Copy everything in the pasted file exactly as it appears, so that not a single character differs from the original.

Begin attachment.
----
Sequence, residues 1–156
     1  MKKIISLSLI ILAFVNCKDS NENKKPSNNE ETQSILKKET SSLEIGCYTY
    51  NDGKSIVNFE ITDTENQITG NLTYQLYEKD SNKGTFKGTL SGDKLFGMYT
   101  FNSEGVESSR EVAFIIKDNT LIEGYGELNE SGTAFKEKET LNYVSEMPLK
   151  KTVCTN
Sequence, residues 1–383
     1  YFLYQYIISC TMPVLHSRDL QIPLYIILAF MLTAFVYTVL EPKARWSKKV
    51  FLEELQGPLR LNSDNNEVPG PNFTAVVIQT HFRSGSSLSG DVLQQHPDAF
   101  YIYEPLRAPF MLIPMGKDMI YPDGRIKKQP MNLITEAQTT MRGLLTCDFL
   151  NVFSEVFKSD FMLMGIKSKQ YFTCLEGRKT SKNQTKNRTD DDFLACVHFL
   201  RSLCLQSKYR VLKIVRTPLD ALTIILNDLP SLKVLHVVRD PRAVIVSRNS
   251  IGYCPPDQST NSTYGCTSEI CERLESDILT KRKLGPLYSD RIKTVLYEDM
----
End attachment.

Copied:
Sequence, residues 1–156
     1  MKKIISLSLI ILAFVNCKDS NENKKPSNNE ETQSILKKET SSLEIGCYTY
    51  NDGKSIVNFE ITDTENQITG NLTYQLYEKD SNKGTFKGTL SGDKLFGMYT
   101  FNSEGVESSR EVAFIIKDNT LIEGYGELNE SGTAFKEKET LNYVSEMPLK
   151  KTVCTN
Sequence, residues 1–383
     1  YFLYQYIISC TMPVLHSRDL QIPLYIILAF MLTAFVYTVL EPKARWSKKV
    51  FLEELQGPLR LNSDNNEVPG PNFTAVVIQT HFRSGSSLSG DVLQQHPDAF
   101  YIYEPLRAPF MLIPMGKDMI YPDGRIKKQP MNLITEAQTT MRGLLTCDFL
   151  NVFSEVFKSD FMLMGIKSKQ YFTCLEGRKT SKNQTKNRTD DDFLACVHFL
   201  RSLCLQSKYR VLKIVRTPLD ALTIILNDLP SLKVLHVVRD PRAVIVSRNS
   251  IGYCPPDQST NSTYGCTSEI CERLESDILT KRKLGPLYSD RIKTVLYEDM